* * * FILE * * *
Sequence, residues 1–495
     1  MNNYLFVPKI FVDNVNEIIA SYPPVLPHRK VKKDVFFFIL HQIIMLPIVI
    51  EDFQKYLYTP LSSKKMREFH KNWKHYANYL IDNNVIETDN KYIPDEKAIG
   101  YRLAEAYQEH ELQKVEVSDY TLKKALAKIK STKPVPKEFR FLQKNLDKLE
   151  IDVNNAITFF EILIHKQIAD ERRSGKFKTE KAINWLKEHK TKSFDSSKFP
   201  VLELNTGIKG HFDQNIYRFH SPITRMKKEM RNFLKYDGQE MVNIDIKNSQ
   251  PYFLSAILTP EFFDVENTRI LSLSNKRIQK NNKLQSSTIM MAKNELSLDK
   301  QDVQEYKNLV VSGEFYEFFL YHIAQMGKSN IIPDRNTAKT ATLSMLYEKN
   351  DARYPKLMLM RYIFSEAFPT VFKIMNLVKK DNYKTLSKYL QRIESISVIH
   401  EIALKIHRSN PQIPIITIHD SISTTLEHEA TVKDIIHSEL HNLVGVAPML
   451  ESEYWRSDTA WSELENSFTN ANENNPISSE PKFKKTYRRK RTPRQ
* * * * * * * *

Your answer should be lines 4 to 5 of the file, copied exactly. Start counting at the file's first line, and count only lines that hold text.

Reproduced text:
   101  YRLAEAYQEH ELQKVEVSDY TLKKALAKIK STKPVPKEFR FLQKNLDKLE
   151  IDVNNAITFF EILIHKQIAD ERRSGKFKTE KAINWLKEHK TKSFDSSKFP